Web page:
Cerebral Organoids Provide Insight into Human Brain Development and Neurological Disease

Cerebral Organoids Provide Insight into Human Brain Development and Neurological Disease 1024 575 JoAnna Pendergrass, DVM
microscopic image of brain organoid

Correlations between the neuroelectrical maturation and cellular development of cerebral organoids highlight the organoids’ translational and therapeutical potential in early neurodevelopmental disorders.

Cerebral organoids are three-dimensional miniature organs that resemble the human brain. Derived from human pluripotent stem cells, cerebral organoids have emerged to advance stem cell research, improve three-dimensional tissue culture techniques and enhance understanding of human fetal brain development and neurological disease.

Rodent models, although mechanistically useful, cannot fully capture the complex morphology, cellular diversity and neural connectivity of the human brain.

“Cerebral organoids represent an innovative model in neuroscience research of the human brain,” says Mark Hester, PhD, a principal investigator in the Steve and Cindy Rasmussen Institute for Genomic Medicine at Nationwide Children’s Hospital.

In the first study of its kind, Dr. Hester and his research team reported correlations between neuroelectrical activities and the molecular and cellular development of cerebral organoids. The study is published in Stem Cell Reports.

“Dr. Hester’s work on cerebral organoids is absolutely critical to clinician-scientists who support the neurodevelopmental progression and treatment of hospitalized infants. His work provides the building blocks we need to test new early treatments for very real clinical problems, from preterm brain injury to prenatal harmful exposures,” says Nathalie Maitre, MD, PhD, neonatologist, principal investigator in the Center for Perinatal Research, director of NICU Follow-up Programs at Nationwide Children’s and co-author of the study.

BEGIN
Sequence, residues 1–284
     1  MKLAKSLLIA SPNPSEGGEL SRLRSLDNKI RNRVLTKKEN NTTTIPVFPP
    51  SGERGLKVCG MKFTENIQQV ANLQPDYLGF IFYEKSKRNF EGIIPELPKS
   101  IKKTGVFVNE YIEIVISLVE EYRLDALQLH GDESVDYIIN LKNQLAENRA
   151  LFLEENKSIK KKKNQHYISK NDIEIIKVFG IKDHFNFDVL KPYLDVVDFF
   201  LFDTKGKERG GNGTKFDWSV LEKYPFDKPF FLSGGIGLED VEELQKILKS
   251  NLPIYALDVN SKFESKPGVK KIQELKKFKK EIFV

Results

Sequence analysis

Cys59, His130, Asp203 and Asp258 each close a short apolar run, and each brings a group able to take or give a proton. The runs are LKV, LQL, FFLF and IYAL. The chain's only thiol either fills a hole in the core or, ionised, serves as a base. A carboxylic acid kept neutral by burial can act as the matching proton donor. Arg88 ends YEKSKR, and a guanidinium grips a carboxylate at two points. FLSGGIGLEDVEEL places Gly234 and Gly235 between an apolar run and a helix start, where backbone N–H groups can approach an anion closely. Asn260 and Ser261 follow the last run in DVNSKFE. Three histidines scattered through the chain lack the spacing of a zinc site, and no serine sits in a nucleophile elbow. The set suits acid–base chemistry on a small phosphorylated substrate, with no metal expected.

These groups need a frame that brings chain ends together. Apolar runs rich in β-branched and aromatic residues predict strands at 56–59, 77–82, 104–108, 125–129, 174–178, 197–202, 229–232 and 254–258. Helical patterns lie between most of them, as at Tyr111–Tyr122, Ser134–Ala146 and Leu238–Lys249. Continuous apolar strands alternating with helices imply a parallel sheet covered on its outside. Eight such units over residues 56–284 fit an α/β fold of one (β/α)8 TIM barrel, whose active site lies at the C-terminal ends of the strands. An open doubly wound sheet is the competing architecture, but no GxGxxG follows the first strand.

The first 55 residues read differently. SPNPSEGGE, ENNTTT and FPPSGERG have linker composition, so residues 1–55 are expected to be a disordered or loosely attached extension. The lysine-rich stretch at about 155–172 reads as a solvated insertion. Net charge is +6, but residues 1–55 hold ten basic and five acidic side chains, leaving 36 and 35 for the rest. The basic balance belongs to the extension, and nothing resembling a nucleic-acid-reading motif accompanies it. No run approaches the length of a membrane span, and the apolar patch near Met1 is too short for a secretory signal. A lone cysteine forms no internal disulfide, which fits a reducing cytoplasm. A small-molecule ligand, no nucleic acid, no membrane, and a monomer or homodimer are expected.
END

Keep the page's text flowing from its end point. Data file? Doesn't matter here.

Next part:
brain organoids in petri dish

The study’s findings also highlight the translational and therapeutic potential of cerebral organoids. Understanding the correlation between the neuroelectrical and molecular development in cerebral organoids brings additional value to their ability to model complex neurological disorders. Such insights could lead to targeted therapies that would restore proper electrophysiological function or replace a defective gene, says Dr. Hester.

He also notes that the organoids are an excellent model for understanding  molecular mechanisms underlying early neurodevelopmental disorders, such as autism spectrum disorder and epileptic-encephalopathies. In addition, since cerebral organoids can be generated from patients, they can be used to characterize newly identified genetic variants and develop personalized treatments.

Cerebral organoid research could also elucidate the influence of environmental factors, such as viral pathogens, on neuroplasticity in neonatal brain development.

For the study, the organoids were cultured for five months and evaluated at monthly intervals.